Dedicated conservationists are camping out on the coast in a bid to improve the breeding success of one of the UK’s
A team of hardy souls is braving the Northumberland weather and forgoing creature comforts to protect little terns as they attempt to nest on beaches from Beadnell Bay to Lindisfarne.
Little terns return to the UK each spring from West Africa, but are finding it increasingly difficult to breed, with only around 1,500 pairs nesting at fewer than 60 sites around the country.
Nesting on beaches, they are vulnerable to rising sea levels, high tides and predators. They can also be disturbed accidently by beach users who are unaware of their presence.
In a bid to improve breeding success, a five-strong team of National Trust assistant rangers is providing 24-hour nest protection at the Long Nanny little tern colony near Beadnell.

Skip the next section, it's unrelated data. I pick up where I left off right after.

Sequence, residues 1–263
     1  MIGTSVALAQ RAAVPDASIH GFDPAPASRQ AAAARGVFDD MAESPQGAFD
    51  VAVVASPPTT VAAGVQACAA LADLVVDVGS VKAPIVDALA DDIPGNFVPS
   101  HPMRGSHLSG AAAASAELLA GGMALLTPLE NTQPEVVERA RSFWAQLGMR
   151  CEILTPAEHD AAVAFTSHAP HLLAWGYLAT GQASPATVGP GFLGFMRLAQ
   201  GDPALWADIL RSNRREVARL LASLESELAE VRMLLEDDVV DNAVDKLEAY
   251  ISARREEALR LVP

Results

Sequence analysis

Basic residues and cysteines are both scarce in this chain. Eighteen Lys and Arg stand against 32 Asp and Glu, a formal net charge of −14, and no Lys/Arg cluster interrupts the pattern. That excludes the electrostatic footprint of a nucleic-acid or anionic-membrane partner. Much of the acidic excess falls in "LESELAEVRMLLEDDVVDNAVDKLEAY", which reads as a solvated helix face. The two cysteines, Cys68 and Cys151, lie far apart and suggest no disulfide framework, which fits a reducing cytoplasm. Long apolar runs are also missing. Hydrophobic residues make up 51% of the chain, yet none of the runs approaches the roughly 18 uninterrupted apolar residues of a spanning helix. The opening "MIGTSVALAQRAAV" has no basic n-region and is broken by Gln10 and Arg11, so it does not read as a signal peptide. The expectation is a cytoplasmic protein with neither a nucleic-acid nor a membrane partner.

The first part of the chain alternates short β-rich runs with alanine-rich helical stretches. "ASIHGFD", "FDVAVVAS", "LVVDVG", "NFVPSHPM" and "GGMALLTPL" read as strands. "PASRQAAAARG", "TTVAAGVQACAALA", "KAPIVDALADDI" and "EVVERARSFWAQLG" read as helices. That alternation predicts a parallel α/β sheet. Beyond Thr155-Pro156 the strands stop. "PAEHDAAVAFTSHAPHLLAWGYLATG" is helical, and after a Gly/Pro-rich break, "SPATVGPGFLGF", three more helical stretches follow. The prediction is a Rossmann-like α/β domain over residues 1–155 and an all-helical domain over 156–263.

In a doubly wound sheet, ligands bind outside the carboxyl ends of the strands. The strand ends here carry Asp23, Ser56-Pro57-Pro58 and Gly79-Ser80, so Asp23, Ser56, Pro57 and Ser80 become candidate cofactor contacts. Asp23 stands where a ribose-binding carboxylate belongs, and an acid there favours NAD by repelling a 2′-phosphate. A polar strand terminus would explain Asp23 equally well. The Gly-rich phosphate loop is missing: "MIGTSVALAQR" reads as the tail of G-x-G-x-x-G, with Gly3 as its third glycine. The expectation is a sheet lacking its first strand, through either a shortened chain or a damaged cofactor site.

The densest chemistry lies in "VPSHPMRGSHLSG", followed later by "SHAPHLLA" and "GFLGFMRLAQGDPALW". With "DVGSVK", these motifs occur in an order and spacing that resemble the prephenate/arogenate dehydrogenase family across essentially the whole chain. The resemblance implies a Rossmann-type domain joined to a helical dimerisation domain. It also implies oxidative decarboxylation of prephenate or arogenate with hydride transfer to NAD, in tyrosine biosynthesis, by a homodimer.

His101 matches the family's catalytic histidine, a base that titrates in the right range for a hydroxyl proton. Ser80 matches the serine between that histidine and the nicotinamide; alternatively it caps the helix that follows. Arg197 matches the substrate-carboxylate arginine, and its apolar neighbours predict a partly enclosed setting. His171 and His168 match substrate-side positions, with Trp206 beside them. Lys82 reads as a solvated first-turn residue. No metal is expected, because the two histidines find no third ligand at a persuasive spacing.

“Little tern wardening is a very basic experience,” admits assistant ranger Wynona Legg. “We are living here in a tent for three months so we’ve got no electricity or running water. Bear Gryllis would definitely approve.
“However, it is well worth the hardship as we are living in a beautiful location looking after these amazing birds that desperately need a helping hand.”
Based along the Northumberland coast, wardens give little terns the best chance of survival by protecting their nests and talking to local beach users about the birds.
The nest protection work forms part of the Northumberland Little Tern Project, a five-year initiative aimed at helping breeding little terns on the Northumberland coast through nest protection and raising public awareness of their plight.
The project has also been involved in the erection of fences around existing and potential nesting sites. These warn beach users such as dog walkers of the birds’ presence, as well as keeping out predators including foxes and badgers.
The project is generously supported by Carrs Billington of Berwick which has supplied the fencing at a significantly reduced rate and provided lots of free help and expertise.